Carbon offsetting your retail project. What you need to know.

John Caswell

Sustainability Champion

It’s incredibly difficult if not impossible to completely avoid carbon within the design, manufacture, installation, running and end of life of any project.

Even if we look at reducing emissions by running projects using renewable energy production, zero emission transport and 100% carbon neutral materials, it will still have some emissions within its lifecycle somewhere. So, what can be done about a projects emissions, and how can offsetting play its part?

Carbon offsetting works by allowing companies to buy carbon credits. A carbon credit is the equivalent to a carbon reduction of 1 tonne of CO2 through any number of projects. It’s not just planting trees and can include investing in renewable energy schemes, capturing landfill gas, supplying clean cooking stoves to developing countries or protecting forests. The great thing about these projects is that they can benefit more than just carbon reductions and can contribute towards many other Sustainable Development Goals. Carbon offsetting is highly regulated but it’s important to make sure any credits meet the following criteria.

Additional – ensuring that the carbon reduction is real and permanent

Verified – proving assurance on the quality and credibility of the credits

Traceable – transparent and proving proof of the offset

So how can you start to offset your project? One of the hardest parts of successfully offsetting a project is knowing your emissions. Measuring emissions can be incredibly time consuming and complicated. We’ve successfully developed a way of measuring the embodied carbon of materials within a project, along with our direct transport emissions. This does however miss out other non-direct emissions. Whatever we can measure we would suggest doubling it to account for everything we can’t yet measure. Alternatively, you could set a project offset budget, or we could give a good estimated carbon footprint based on data from similar projects (during 2019 an average shop-in-shop project by us generated 3.5 tonnes of CO2e). Costs of offsets vary in price but at £10-£15 per tonne, offsetting is incredibly affordable as a % of project value.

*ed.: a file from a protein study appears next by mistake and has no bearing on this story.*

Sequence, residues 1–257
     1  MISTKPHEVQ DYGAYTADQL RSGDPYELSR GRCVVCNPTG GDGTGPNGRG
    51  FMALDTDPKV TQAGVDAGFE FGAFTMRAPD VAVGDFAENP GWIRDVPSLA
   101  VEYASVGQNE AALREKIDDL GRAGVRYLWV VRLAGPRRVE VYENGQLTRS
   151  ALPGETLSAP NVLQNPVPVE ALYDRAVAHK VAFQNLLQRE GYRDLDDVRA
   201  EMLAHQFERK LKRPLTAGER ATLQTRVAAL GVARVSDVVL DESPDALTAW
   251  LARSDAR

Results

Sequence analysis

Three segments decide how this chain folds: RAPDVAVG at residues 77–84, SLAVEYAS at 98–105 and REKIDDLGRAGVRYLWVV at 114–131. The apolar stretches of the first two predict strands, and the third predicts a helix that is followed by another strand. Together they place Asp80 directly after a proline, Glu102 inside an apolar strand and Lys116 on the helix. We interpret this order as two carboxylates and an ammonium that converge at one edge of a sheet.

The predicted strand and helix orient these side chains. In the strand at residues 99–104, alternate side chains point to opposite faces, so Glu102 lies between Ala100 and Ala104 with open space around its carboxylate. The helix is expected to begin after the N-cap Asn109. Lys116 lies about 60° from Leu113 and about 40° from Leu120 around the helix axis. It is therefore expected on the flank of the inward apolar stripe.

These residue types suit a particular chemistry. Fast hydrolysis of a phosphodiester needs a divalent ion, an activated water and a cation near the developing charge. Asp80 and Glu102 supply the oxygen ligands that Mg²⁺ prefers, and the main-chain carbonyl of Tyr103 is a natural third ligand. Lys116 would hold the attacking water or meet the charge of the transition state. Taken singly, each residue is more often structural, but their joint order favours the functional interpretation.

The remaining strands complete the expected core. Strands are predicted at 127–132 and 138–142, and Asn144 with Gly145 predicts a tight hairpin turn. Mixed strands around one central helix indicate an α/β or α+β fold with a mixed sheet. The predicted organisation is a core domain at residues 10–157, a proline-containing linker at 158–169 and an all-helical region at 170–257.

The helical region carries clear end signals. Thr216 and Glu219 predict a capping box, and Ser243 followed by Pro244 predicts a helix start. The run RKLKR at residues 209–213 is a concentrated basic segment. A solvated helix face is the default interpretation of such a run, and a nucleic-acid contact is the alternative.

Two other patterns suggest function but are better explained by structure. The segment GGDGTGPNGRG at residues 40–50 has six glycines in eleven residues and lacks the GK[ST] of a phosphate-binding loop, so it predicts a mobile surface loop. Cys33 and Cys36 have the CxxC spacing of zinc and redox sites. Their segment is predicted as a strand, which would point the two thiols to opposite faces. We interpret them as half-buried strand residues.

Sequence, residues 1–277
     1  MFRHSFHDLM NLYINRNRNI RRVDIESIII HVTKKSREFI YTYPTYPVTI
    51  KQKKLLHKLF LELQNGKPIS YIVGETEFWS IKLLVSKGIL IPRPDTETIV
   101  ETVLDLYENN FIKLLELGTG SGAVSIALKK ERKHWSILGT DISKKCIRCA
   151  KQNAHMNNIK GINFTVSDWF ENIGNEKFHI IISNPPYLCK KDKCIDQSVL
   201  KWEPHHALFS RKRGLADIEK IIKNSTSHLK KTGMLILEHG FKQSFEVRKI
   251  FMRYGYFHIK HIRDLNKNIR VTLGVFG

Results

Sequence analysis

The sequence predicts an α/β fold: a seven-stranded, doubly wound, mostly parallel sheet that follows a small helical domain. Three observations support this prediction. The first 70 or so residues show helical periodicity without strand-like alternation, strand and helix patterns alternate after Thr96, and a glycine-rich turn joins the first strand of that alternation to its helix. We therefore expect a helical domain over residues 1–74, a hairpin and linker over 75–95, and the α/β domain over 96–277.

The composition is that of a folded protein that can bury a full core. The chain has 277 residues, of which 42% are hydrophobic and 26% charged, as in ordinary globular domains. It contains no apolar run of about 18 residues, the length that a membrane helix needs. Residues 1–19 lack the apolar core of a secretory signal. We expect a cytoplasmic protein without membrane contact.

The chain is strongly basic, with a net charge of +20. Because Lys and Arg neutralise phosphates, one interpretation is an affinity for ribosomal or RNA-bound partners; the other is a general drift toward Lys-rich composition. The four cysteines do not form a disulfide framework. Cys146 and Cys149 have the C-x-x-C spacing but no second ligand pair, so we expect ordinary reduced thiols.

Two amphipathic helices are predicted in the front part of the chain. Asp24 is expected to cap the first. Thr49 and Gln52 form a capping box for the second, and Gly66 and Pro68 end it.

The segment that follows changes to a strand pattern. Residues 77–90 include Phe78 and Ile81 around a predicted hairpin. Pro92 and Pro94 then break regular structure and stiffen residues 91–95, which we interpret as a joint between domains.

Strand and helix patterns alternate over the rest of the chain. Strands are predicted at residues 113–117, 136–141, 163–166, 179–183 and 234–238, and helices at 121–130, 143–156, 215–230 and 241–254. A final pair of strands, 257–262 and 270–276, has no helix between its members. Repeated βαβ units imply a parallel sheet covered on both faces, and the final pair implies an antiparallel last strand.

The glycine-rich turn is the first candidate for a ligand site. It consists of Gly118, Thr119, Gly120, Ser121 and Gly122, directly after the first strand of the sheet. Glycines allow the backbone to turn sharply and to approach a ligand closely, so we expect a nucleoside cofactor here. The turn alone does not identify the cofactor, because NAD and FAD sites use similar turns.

​​With the relatively low cost of offsetting, the important thing is not to use offsetting as a way of avoiding change. It’s a bit like stuffing your face with an unhealthy meal only to try and compensate for it by eating a salad. This is never going to form part of a balanced diet just in the same way offsetting is never going to form a truly sustainable future.

As more net-zero legislations start to be implemented and with the rise of climate awareness among the general public, businesses have an option to voluntarily reduce and offset emissions or wait as the necessity of reaching net-zero becomes an imminent reality. With the recent launch of the Climate Neutral certification, the public are seeking ways to see that businesses care. The important thing to remember is offsetting is a great short-term solution while we all find ways to reduce the overall impact of what we do. It isn’t however the long term answer to climate change.

With the relatively low cost of offsetting, the important thing is not to use offsetting as a way of avoiding change

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